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The urban situation in Edirne has had a different story: it used to be the centre of Thrace
and is now a town of mobile population, which stays here, builds up it version of culture and
civilizations and moves on to other symbolic centres. Still, Edirne is also the town that attracts
new migrants because it is part of the Balkans. It is the Balkan resettlers that, to a large extent,
have been constructing its town space in the past twenty years. Every resident reminisces about
parents or grandparents or their parents, who have moved from some place: Bulgaria, Greece, or
the ex-Yugoslavia. Most of the migrations in the 1990s are one-way and related to a permanent
resettlement in town, which entails joining in new social networks and expanding the existing
ones across borders.
The places that the newcomers settled in are newly built residential areas, with no history
or historical accumulation, which made it possible for them to adapt the new culture to the old
one and to provide shared meanings and symbolic forms that would organise life in these town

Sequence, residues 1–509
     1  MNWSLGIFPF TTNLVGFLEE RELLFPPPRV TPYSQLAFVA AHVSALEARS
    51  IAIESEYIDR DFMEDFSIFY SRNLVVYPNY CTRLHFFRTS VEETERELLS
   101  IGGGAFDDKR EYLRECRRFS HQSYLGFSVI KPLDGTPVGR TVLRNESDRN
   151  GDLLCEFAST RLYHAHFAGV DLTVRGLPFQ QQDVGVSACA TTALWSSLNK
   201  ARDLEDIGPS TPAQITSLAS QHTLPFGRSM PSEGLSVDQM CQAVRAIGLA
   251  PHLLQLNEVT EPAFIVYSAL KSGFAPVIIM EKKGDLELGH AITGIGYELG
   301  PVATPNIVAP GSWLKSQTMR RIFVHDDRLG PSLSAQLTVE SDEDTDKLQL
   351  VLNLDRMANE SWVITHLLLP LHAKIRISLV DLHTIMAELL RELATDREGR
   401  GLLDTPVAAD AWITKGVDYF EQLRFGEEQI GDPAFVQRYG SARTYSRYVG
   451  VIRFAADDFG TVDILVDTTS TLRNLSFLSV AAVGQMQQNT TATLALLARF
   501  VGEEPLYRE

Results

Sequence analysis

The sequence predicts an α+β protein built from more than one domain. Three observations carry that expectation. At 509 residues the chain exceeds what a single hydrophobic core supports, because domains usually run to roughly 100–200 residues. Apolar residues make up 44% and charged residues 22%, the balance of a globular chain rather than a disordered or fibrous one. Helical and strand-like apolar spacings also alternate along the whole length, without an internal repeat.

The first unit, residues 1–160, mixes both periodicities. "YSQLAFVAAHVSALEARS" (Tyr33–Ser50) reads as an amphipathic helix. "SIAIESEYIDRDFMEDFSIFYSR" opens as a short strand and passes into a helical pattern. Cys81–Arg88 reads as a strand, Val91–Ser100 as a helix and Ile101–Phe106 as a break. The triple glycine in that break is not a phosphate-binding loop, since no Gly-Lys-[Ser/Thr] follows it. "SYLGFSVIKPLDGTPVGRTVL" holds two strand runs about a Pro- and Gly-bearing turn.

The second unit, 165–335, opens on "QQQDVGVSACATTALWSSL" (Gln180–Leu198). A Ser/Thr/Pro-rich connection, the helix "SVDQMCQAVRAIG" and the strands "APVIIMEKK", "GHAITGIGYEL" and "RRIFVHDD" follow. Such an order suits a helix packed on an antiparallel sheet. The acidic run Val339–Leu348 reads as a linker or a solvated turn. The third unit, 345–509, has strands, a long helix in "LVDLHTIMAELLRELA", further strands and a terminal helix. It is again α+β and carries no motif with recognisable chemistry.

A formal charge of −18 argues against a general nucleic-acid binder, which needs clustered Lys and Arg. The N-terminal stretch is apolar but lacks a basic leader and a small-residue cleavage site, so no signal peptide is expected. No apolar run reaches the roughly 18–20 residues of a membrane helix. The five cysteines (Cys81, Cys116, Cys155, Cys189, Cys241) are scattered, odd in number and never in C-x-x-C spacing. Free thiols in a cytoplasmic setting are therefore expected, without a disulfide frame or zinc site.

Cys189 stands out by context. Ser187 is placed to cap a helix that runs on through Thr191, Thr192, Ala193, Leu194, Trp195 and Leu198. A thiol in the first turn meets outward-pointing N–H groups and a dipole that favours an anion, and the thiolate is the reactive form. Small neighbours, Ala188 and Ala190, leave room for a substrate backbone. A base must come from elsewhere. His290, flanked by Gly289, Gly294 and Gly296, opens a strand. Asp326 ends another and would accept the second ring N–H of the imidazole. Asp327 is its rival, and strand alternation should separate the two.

spaces. Saturating the central areas of Edirne with newmeanings becomes possible after crossing
the border has been eased for the Bulgarian tourists and people on both sides were able to
discover the other, as well as the shared and divided space of Thrace. Still, the town is perceived
as ‘hospitable’ by the new migrants from the Balkan Peninsula because of the possibility to have
them incorporated in the existing social networks and communities, which makes crossing
borders easier.
Even though two different samples of towns, both Edirne and Tsarevo are towns close
to the border, which construct and negotiate spaces of migration that are fluid, yet localised
through urban sites. In the twentieth century, the policies in the two nation states prioritised the
homogenising of the population and the construction of town communities. Opening the border
and allowing the Bulgarian nationals to go toTurkey freelymakes it possible for the descendants to
physically return there and ‘discover Bulgarian sites’ there. What has happened in the past twenty
years is that these two towns close to the border are no longer an ‘end’; they have become a
‘beginning’ and an ‘opportunity’ and have started constructing themselves as territories of capital
exchange and border crossing.
Translated from Bulgarian by Vitana Kostadinova
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